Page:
3 Replies Latest reply: Mar 15, 2010 12:58 PM by WZZZ
MusicalChris Level 1 Level 1 (0 points)
I have an iMac g5 als model that won't boot past the blue loading screen but stays in long enough to recognize the mouse but other than that, nothing. Done a fresh install of 10.4 and that didn't help.
iMac boots fine and quickly in safe mode. Any help please!

Macbook, Mac OS X (10.5.1)
  • MGW Level 7 Level 7 (27,020 points)
    If it boots happily in safe mode, I woud boot from your install disc and use Disk Utility

    1. Insert the Mac OS X Install disc that came with your computer, then restart the computer while holding the C key.
    2. When your computer finishes starting up from the disc, choose Disk Utility from the Installer menu. (In Mac OS X 10.4 or later, you must select your language first.)
    Important: Do not click Continue in the first screen of the Installer. If you do, you must restart from the disc again to access Disk Utility.
    3. Click the First Aid tab.
    4. Click the disclosure triangle to the left of the hard drive icon to display the names of your hard disk volumes and partitions.
    5. Select your Mac OS X volume.
    6. Click Repair. Disk Utility checks and repairs the disk.

    Let us know results, please.

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  • Baby Boomer (USofA) Level 9 Level 9 (56,825 points)
    If MGW's suggestion does not work.........

    If you found no solutions to your problem(s) listed in the various Knowledge Base Articles see if the following suggestions are of any help:

    Except for the keyboard & mouse, disconnect all devices/peripherals from your computer.

    Step 1: Restart into Safe Mode by holding down the Shift key during startup. The comp will run a complete & lengthy file systtem check, then start up w/only the required kerenel extensions & w/o running any Startup items that you installed.

    Try starting up normally again. If you are still stalling, restart in Safe Mode & move on to Step 2...........
    Mac OS X: Starting up in Safe Mode

    Step 2: Open Library>Startup items folder-the root level Library, not the one in your user name folder.
    Look for potentially problematic 3rd party items such as virus scanning software components, etc. Remove 1 or more items to a location outside the Library folder, such as the Desktop, then restart normally & see if your Mac stalls. It it does, try removing all the items in the Startup items folder & restart. If all’s now well, place the items back into the Startup items folder 1 by 1, restarting each time you put one back. If and/or when the stall resurfaces, you just identified the faulty component.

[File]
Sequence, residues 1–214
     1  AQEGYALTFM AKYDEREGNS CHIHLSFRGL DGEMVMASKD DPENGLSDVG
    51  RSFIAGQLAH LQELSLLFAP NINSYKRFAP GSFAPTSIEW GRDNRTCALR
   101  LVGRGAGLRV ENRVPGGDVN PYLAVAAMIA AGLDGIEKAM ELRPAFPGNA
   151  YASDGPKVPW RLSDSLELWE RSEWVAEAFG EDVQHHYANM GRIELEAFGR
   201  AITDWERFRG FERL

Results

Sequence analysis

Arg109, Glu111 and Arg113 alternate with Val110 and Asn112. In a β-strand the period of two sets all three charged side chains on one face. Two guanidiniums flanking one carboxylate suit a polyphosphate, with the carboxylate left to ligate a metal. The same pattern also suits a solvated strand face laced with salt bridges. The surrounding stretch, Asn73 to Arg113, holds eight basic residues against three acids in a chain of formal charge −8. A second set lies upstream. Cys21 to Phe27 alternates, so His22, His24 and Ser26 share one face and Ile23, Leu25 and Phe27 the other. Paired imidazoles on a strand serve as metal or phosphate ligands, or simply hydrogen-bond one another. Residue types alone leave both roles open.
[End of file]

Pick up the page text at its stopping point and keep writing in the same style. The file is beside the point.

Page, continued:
If the above does not work, then it’s time to move on to Step 3.................

    Step 3: WARNING-This step can be tedious-removing .plist files from the /Library/Preferences folder.

    Remove the entire Preferences folder from the Library folder on your startup drive then place the files back 1 by 1 until you see the problem return. *The Mac will automatically create a new Preferences folder in the Library folder*
    Alternatively, you can take half of the items out (all non-Apple .plist file, for example), restart to see if your Mac stalls, then move to a smaller set of items, repeatingn the process until the culprit is found.

    Or you can use Preferential Treatment which is a FREE utility that does all the work for you.


    After your problem is resolved, you should seriously consider updating your OS to v10.5.8. which from memory is the last Leopard version. Use Software Update to update all the other stuff that goes along w/the updated OS.

  • WZZZ Level 6 Level 6 (12,755 points)
    Or you can use Preferential Treatment which is a FREE utility that does all the work for you.

    Applejack also will check for corrupted Preference Files. But it needs to be run in Single User Mode. And AJ is a good troubleshooting tool for a lot of problems.

    If my memory is not faulty here, I've also seen a number of reports of blue screen problems for MacBooks. You could google for those.